Backpacker tax passes through Parliament at 15 per cent

A 15 per cent backpacker tax rate passed through the Senate on Thursday night, bringing the long parliamentary debate to an end.

Earlier in the day, the Greens announced it had struck a deal with the government to see a tax rate of 15 per cent and backpacker superannuation dropped from 95 per cent to 65 per cent.

The party also secured $100 million in funding for Landcare through the deal. 

Tasmanian Greens Senator Peter Whish-Wilson said the backpacker superannuation had been an “elephant in the room” throughout the debate.

“What we’ve achieved here is by other means, a 13 per cent tax rate – it’s revenue neutral to 13 per cent,” Senator Whish-Wilson said.

“This is exactly what the producers have been asking for.” 

A vote of 43 to 19 in the Senate brought to an end to months of uncertainty.

Labor revealed earlier in the day that it would support a 13 per cent tax, but the Liberal party said it would stick to supporting the 15 per cent compromise. 

Tasmanian Senator Jacqui Lambie said she welcomed the deal but harm had already been done to Tasmanian farmers.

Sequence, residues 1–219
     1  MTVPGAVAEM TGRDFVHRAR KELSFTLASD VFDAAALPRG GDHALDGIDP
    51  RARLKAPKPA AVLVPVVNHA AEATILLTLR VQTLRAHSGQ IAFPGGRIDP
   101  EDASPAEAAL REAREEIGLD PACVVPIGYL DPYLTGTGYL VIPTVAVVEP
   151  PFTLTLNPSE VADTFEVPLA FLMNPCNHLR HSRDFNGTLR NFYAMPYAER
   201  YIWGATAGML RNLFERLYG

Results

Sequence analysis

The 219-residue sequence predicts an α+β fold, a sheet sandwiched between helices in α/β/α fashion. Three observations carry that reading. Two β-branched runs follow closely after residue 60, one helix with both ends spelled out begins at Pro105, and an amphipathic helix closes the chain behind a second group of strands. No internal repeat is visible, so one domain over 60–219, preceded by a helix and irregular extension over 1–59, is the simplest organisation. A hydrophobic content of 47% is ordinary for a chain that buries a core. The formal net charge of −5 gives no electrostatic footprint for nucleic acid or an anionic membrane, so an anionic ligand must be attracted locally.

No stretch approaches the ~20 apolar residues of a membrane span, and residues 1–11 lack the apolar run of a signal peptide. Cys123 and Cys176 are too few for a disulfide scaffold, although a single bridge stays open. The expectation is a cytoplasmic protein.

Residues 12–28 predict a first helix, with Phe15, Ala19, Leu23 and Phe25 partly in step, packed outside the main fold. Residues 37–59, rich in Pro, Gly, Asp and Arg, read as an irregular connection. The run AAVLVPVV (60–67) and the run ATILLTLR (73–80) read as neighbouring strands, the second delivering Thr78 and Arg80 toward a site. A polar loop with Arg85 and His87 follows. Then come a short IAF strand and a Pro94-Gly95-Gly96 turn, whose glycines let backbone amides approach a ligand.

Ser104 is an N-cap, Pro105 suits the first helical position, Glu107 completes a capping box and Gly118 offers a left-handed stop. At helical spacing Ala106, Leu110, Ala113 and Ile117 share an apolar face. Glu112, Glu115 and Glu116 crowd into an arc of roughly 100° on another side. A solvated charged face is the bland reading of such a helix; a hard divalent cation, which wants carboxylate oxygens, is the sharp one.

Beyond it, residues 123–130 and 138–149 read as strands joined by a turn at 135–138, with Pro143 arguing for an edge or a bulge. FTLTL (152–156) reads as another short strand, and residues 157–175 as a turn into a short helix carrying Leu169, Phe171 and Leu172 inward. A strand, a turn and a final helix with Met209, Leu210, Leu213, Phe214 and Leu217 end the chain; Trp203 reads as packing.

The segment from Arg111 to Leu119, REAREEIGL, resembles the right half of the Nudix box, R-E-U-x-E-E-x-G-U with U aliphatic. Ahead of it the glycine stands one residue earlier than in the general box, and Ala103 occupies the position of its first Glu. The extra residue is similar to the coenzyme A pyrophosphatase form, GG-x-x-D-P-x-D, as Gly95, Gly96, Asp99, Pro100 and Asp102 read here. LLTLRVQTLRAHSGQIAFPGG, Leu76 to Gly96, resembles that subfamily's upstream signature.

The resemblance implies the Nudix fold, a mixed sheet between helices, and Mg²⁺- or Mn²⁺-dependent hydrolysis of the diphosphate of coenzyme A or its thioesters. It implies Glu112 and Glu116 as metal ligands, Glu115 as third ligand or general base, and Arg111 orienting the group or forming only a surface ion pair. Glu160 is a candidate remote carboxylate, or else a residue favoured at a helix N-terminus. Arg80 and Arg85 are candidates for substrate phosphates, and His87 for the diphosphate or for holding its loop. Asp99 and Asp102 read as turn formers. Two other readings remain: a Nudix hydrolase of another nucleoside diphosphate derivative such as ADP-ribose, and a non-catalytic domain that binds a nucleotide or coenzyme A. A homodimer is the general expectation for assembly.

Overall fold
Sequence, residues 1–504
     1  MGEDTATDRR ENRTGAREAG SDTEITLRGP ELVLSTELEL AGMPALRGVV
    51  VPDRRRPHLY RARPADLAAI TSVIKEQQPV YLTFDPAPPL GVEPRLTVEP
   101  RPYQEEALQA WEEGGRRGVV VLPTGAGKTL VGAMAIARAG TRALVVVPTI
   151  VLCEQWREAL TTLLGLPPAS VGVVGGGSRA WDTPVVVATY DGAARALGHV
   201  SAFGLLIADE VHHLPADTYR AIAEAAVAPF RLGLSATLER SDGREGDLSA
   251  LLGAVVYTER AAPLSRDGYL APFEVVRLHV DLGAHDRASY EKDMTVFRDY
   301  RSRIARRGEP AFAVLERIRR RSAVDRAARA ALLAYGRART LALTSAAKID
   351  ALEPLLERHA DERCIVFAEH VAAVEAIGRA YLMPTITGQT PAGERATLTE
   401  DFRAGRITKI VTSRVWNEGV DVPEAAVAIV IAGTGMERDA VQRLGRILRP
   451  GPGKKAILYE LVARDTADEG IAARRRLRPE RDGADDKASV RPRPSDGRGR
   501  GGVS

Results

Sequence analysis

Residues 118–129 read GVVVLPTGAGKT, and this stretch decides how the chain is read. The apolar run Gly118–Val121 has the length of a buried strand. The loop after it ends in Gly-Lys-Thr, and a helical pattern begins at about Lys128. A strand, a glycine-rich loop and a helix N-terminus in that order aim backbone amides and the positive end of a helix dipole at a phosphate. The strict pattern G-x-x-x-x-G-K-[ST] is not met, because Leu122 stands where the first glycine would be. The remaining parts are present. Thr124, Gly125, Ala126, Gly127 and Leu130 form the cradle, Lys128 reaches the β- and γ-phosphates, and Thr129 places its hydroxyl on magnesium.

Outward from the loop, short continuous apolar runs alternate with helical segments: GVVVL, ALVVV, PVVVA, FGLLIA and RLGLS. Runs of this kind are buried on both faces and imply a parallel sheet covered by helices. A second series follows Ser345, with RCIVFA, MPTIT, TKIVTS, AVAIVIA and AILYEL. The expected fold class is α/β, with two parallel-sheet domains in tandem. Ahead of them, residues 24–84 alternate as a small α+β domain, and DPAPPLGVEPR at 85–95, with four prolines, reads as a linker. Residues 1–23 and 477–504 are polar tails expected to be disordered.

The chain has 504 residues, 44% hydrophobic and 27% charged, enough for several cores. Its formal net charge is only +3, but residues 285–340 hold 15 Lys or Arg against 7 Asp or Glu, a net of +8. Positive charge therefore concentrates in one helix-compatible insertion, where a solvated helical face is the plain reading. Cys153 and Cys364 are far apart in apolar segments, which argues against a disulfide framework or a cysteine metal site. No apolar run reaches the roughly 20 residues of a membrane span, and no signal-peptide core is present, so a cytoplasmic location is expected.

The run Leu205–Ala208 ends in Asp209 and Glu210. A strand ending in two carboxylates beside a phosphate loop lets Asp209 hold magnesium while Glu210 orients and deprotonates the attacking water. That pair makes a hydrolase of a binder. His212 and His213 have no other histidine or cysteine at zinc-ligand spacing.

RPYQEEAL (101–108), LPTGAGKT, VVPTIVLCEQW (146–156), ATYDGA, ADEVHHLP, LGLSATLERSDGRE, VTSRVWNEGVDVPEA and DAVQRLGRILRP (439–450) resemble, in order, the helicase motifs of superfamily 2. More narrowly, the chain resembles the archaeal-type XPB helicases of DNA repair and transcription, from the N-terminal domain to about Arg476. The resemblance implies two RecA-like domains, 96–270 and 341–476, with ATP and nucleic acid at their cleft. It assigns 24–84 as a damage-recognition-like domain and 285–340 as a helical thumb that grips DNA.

“Our farmers deserve a fair share of the extra $100 million,” Senator Lambie said. 

Tasmanian Liberal Senator Jonathon Duniam said the deal with the Greens was good news for farmers. 

“This is welcome news and will provide the certainty the vital horticulture and tourism sectors were after,” Senator Duniam said. 

It was 18 months ago that the 32.5 per cent backpacker tax was first introduced.

The government then reduced it to 19 per cent and would later go on to compromise on a 15 per cent rate for foreign workers. 

Last month, Senator Lambie introduced an amendment to see the rate dropped to 10.5 per cent, which was supported in the Senate. 

But just a few hours after it was passed by the Senate last month, it was knocked back in the House of Representatives and debate continued, leaving farmers across the nation left waiting for a result.

Question time in the House of Representatives on Thursday heated up as MPs had a fiery discussion over the rate of the tax and the length of time it had taken to debate it. 

With Thursday marking the last sitting day of Parliament for the year, it was a busy day in both of the houses. 

Smartphone
Tablet - Narrow
Tablet - Wide
Desktop